Time for Conservatives to Build Their Own Hollywood

Did anyone believe Will & Grace stars Debra Messing and Eric McCormack when they backtracked on their demand Hollywood supporters of Donald Trump attending the president's coming Beverly Hills fundraiser be outed and consequently blacklisted from The Industry?

Messing and McCormack claimed they were "misunderstood." How isn't clear. Actually, they were demonstrating some needed CYA, especially when such a "progressive" blue blood as Whoopi Goldberg criticized them for going overboard in a democratic country.

In truth, Whoopi was probably panicked the duo was letting the cat too far out of the proverbial bag about what most of Hollywood, including her, really thought. Trump Derangement Syndrome in Tinseltown is simply around the bend and back and around the bend again...and again.

But don't believe me. Believe Rob Reiner:

How witty! Kind of reminds you of Oscar Wilde, doesn't it? Or is it La Rochefoucauld? More likely, it makes you want to take a shower. But remember: Reiner is Hollywood royalty, second-generation, in fact. There is no reforming these people. They are what they are.

It's time for conservatives and what Kurt Schlicter calls the "Normals" to have an entertainment industry of their own. Hollywood has effectively divorced conservatives (and the Normals). And after a divorce, as they say, "living well is the best revenge."

The question is how. It's not easy and one of the big reasons is the conservative world itself. Conservative financiers abjure the arts — indeed they seem even to fear them — unless it's putting money in their local philharmonic to have their name on a plaque in the lobby. Problem is, we all love Beethoven but he doesn't need our help at this point.

Conservative fat cats also put a ton of money in think tanks that aren't particularly effective. I don't mean to unnecessarily diss those tanks. Some of my best friends are, etc., etc.... but the truth is, one good movie or television series is worth more than a hundred, or even a thousand, position papers when it comes to moving society. Andrew Breitbart couldn't have been more right when he said: "Politics is downstream of culture." (He could have added education, which is in a sense part of the culture, now more than ever working hand-in-hand with entertainment for bad ends.)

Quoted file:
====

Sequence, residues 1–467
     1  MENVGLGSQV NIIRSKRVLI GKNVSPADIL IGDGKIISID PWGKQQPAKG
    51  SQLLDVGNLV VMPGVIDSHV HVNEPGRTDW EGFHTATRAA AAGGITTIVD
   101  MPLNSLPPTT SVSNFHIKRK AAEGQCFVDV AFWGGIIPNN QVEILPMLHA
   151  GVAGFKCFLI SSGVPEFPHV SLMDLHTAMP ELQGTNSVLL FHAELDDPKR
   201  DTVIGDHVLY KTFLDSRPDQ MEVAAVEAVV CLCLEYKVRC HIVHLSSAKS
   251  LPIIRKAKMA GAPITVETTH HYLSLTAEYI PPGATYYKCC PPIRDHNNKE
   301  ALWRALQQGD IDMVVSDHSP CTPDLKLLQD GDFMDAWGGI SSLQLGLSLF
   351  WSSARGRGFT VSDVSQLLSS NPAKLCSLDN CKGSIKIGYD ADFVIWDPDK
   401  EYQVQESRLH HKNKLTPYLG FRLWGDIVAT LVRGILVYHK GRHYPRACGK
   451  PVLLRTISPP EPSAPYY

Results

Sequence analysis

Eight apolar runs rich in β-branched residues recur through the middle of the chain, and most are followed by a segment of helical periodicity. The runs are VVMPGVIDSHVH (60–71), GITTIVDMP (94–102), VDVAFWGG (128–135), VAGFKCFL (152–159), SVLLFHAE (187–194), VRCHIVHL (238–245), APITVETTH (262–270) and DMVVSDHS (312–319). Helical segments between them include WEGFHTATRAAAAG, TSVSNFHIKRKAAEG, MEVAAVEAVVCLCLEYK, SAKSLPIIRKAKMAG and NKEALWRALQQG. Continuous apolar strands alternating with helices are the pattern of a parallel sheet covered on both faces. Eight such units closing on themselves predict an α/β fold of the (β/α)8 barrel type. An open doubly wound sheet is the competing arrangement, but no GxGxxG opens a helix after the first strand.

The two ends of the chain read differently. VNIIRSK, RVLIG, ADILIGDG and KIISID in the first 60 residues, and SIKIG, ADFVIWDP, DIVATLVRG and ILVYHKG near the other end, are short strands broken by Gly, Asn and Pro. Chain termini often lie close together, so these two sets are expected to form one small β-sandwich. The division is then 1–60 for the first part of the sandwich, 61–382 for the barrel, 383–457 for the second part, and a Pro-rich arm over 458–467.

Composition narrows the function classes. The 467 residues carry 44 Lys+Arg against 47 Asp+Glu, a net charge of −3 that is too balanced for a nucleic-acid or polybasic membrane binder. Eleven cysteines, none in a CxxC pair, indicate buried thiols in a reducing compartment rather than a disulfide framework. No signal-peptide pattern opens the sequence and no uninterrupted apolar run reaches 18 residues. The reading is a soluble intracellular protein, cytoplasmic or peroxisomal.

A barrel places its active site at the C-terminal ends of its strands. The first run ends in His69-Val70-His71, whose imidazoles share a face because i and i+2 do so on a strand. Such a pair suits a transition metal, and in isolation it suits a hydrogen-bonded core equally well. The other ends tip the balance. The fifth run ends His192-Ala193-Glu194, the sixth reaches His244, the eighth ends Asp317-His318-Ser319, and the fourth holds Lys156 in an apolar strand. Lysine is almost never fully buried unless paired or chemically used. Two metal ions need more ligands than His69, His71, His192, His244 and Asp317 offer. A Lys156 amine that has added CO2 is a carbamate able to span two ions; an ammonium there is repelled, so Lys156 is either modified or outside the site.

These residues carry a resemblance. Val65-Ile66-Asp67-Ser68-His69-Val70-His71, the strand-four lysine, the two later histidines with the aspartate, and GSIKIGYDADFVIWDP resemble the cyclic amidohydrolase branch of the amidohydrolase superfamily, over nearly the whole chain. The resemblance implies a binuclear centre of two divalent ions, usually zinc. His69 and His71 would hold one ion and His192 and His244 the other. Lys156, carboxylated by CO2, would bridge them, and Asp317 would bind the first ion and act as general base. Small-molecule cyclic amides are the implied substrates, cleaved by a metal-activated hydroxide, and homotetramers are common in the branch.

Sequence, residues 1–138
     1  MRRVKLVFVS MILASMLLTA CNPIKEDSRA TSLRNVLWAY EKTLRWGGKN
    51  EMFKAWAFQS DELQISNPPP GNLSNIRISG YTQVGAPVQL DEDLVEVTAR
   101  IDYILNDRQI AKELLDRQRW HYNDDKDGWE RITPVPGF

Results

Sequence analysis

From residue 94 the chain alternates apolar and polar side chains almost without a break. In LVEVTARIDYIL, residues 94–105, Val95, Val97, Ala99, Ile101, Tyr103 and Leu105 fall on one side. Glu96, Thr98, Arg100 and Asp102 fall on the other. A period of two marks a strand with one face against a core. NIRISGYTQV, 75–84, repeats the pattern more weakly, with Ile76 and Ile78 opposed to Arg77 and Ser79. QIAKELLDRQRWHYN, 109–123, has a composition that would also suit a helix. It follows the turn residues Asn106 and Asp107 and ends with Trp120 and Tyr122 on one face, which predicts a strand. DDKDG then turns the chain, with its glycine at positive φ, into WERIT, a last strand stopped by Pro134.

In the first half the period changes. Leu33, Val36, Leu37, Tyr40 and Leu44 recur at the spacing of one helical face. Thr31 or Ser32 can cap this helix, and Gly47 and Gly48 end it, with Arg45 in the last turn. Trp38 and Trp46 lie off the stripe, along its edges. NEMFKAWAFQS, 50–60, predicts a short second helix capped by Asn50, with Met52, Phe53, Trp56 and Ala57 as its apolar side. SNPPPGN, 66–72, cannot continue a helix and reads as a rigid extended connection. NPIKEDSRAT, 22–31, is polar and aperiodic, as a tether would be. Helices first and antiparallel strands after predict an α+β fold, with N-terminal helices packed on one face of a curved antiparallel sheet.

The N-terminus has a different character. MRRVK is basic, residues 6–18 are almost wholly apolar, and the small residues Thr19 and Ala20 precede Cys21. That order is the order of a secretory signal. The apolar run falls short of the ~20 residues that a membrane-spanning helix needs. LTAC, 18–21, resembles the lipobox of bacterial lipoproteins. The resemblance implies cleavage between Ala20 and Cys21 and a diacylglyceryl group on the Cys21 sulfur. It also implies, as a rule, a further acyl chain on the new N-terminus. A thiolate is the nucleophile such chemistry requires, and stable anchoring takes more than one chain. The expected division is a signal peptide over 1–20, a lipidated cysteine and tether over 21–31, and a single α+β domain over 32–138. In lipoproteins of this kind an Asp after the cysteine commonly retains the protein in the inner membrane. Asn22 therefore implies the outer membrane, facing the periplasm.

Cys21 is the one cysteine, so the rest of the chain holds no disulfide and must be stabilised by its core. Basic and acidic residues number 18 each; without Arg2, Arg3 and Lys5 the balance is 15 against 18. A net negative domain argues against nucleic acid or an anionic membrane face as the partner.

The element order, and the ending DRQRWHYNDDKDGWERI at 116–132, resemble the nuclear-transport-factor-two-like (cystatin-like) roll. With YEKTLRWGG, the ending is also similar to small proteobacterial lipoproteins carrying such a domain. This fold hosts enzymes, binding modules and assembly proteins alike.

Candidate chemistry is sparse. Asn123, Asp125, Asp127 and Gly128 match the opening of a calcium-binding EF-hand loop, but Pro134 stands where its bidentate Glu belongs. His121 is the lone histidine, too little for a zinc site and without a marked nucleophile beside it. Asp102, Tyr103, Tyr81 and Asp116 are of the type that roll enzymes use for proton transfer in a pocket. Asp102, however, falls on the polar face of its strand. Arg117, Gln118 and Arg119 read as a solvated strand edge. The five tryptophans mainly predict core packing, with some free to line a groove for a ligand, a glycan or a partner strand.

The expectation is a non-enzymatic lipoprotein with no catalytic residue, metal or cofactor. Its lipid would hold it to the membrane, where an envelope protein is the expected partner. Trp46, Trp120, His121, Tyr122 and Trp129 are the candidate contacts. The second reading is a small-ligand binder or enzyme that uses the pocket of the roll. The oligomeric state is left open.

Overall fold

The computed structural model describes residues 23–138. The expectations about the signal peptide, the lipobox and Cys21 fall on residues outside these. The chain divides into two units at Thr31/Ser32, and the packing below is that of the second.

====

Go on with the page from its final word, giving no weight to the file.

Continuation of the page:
What is needed here by investors on the right is a little guts for a change. It shouldn't be so hard, but somehow it is — or has been. It's obviously true that film, theatre, and publishing are risky investments, but the center-to-right audience is huge. Plenty of "proof of concept" exists with films like The Blind Side, Lone Survivor, and American Sniper — just some examples of box office smashes that fit that profile.

Now, those movies have something in common other than their ideologies — they're good. (They also don't hammer you over the head with their views.) And that, of course, is the bottom line. If art isn't well made, it doesn't matter where its heart is. And if it isn't free to skewer both sides — like Dave Chappelle's hilarious new show that apparently has offended the left — it isn't worth much either.

It's also obvious that mistakes will be made in forming companies like this — plenty of them. The lack of financial help has created a dearth of center or right talent. But all this can be corrected with effort, time and a bit of luck. As the Zen Buddhists say, "You can't get there by trying. But you won't get there if you don't try."

Help stem the liberal monopoly of the arts and have fun in the process! PJ Media co-founder Roger L. Simon's new novel — The GOAT — is, as of September 1, now available for sale on Kindle and hardcover. Soon in paperback as well. Some rather good early reviews here, here, here and here.